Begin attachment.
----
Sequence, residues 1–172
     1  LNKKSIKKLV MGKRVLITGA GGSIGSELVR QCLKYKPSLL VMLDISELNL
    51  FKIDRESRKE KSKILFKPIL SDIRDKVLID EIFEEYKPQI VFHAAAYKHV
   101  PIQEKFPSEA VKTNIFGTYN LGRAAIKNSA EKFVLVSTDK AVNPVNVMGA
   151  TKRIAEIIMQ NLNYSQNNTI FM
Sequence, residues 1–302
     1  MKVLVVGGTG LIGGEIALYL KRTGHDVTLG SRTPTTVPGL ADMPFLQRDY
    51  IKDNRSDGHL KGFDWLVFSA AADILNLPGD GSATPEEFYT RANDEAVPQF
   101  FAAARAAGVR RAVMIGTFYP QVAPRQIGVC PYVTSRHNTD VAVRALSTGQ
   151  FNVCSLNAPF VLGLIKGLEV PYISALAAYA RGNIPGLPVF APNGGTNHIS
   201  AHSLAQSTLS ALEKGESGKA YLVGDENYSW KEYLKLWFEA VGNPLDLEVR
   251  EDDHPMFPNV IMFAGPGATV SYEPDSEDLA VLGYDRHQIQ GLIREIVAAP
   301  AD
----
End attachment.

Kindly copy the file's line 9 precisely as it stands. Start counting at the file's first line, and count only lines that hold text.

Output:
   101  FAAARAAGVR RAVMIGTFYP QVAPRQIGVC PYVTSRHNTD VAVRALSTGQ